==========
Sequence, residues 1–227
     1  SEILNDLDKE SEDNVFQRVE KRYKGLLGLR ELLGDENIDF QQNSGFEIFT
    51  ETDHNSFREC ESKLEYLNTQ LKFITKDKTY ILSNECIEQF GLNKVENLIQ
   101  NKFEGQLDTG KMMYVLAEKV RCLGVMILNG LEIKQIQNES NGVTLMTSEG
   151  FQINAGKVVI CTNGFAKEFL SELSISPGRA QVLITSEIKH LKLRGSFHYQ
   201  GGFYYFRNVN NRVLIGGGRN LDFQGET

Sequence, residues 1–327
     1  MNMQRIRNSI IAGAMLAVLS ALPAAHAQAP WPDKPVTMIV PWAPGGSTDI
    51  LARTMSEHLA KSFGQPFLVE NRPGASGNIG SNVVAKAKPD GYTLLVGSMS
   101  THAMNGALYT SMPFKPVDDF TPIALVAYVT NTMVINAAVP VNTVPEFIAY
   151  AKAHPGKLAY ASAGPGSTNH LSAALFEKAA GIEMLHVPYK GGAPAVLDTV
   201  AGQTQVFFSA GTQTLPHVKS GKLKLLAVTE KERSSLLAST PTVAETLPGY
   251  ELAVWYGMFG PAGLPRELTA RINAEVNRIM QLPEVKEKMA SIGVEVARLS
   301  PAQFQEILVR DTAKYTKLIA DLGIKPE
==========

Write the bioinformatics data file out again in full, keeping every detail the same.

Sequence, residues 1–227
     1  SEILNDLDKE SEDNVFQRVE KRYKGLLGLR ELLGDENIDF QQNSGFEIFT
    51  ETDHNSFREC ESKLEYLNTQ LKFITKDKTY ILSNECIEQF GLNKVENLIQ
   101  NKFEGQLDTG KMMYVLAEKV RCLGVMILNG LEIKQIQNES NGVTLMTSEG
   151  FQINAGKVVI CTNGFAKEFL SELSISPGRA QVLITSEIKH LKLRGSFHYQ
   201  GGFYYFRNVN NRVLIGGGRN LDFQGET

Sequence, residues 1–327
     1  MNMQRIRNSI IAGAMLAVLS ALPAAHAQAP WPDKPVTMIV PWAPGGSTDI
    51  LARTMSEHLA KSFGQPFLVE NRPGASGNIG SNVVAKAKPD GYTLLVGSMS
   101  THAMNGALYT SMPFKPVDDF TPIALVAYVT NTMVINAAVP VNTVPEFIAY
   151  AKAHPGKLAY ASAGPGSTNH LSAALFEKAA GIEMLHVPYK GGAPAVLDTV
   201  AGQTQVFFSA GTQTLPHVKS GKLKLLAVTE KERSSLLAST PTVAETLPGY
   251  ELAVWYGMFG PAGLPRELTA RINAEVNRIM QLPEVKEKMA SIGVEVARLS
   301  PAQFQEILVR DTAKYTKLIA DLGIKPE